Lindokuhle Sobekwa and Mikhael Subotzky take photos of a world few have access to.
In 2006, when Magnum photographer Mikhael Subotzky started his yearlong project documenting life in and around a prison on a traffic island in the rural South African town of Beaufort West, journalist Hazel Friedman published the crime novel Hijack!, written under the alias Guy Brown, the book is one of the first published references to nyaope, a popular street drug that is a cocktail of low-grade heroin, cannabis, and antiretroviral drugs. Friedman recorded that nyaope was (as it still is) "all the rage with the youngsters in Soweto, Mamelodi, Soshanguve, and Atteridgeville," black settlements surrounding Johannesburg and Pretoria.
Like a failed science-fiction utopia, this Apartheid-era residential tower has become the city’s “focal point [of] dreams and nightmares, seen as refuge or monstrosity, dreamland or dystopia, a lightning rod for a society’s hopes and fears…”
Like a failed science-fiction utopia, the dreams of Ponte were quickly dashed against the sharp truths of reality. Even the initial fantasies never came to fruition and then the tower began its long descent into infamy and decay
Mikhael Subotzky’s road leads us to a prison, one located right in the middle of an intersection, right in the middle of a city, it radiates out from the prison. You would have to be South African to imagine such a concept. Subotzky, 31, is fascinated by prisons. He has made it an important theme of his reportages, highly acclaimed in his native South Africa and abroad (Arles, New York, London). A book has already been made from this 2006 reportage, Beaufort West. In 2007 Subotzky joined the prestigious Magnum photos agency
I can’t begin to tell you how excited I am about the new Magnum project, Postcards From America. This May, I’m going to be joining four other photographers (Jim Goldberg, Susan Meiselas…
This May, I’m going to be joining four other photographers (Jim Goldberg, Susan Meiselas, Chris Anderson, Mikhael Subotzky) and the writer Ginger Strand for a two week road trip from San Antonio to Oakland.
This is a unique project for Magnum. We are working collaboratively and are hoping to engage much more directly with our audience. At the beginning of the trip we will be doing a public event at the Harry Ransom Center in Austin. And at the end we’re going to do a pop-up exhibition somewhere in Oakland.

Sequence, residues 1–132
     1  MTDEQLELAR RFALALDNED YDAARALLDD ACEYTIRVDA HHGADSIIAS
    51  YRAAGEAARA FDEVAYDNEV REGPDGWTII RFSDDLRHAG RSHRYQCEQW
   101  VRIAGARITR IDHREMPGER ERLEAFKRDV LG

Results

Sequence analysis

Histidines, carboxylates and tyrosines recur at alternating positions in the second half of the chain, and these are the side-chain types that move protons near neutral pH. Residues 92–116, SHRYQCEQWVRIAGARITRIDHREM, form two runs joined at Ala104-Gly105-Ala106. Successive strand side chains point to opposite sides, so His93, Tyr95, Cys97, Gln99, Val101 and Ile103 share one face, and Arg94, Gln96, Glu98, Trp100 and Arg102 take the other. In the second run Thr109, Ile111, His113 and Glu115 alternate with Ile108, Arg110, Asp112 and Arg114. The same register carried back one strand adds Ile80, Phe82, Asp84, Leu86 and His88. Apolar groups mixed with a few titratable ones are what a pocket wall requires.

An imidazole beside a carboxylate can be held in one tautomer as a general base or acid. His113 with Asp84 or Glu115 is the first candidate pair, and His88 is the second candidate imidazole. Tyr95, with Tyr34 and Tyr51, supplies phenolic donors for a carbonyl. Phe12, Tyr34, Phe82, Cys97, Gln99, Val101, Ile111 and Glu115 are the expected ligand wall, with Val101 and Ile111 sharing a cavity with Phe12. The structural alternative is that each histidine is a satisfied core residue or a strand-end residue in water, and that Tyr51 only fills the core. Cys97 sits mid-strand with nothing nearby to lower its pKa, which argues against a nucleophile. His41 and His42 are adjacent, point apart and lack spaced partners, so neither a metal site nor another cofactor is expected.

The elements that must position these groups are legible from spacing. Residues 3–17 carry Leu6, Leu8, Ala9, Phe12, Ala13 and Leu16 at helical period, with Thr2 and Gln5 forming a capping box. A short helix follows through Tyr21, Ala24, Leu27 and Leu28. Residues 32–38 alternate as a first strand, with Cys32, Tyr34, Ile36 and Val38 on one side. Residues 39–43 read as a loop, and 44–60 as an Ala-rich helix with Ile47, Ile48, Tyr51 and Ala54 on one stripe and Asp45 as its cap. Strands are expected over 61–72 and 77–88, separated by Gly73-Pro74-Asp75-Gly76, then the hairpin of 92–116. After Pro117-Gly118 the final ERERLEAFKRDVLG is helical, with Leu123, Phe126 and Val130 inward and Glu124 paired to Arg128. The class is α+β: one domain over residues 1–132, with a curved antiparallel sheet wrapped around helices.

I just came across his latest project “Ponte City” on his new website. He has thrown me around again, and I believe (and hope) it will for many others too. He has photographed every Door, Window and Television in an iconic and infamous 54-story apartment building in Johannesburg.
Leica Oskar Barnack Award Winner Photography
Leica Oskar Barnack Award Winner Photography | Hypebeast:
Leica recently announced the winner of their 30th Annual Oskar Barnack Award, in South African Mikhael Subotzky. Aside from earning respect throughout the photography community, Mikhael received a generous monetary prize from the historic German camera makers. With the winner now being announced, Leica offers a complete look into the photographer’s series of winning photographs. Excellent would be an understatement, as each image captures the essence of its subject matter brilliantly.
A Conversation with Mikhael Subotzky (Conscientious)
Mikhael Subotzky is one of Magnum’s youngest and newest members, and his first book Beaufort West was one of my favourite photography books last year. I got interested in talking to Mikhael after seeing the book and reading a comment he had left on Magnum’s blog, under a post about photojournalism.
State of the Art: Subotzky Wins Eugene Smith Grant
South African photographer Mikhael Subotzky has been awarded the 2008 W. Eugene Smith Grant in Humanistic Photography. Subotzky received the grant, worth $30,000, for his project “Crime, Punishment and Security in Post-Apartheid South Africa.”
Quote: “For me, photography has become a way of attempting to make sense of the very strange world that I see around me. I don’t ever expect to achieve that understanding, but the fact that I am trying comforts me”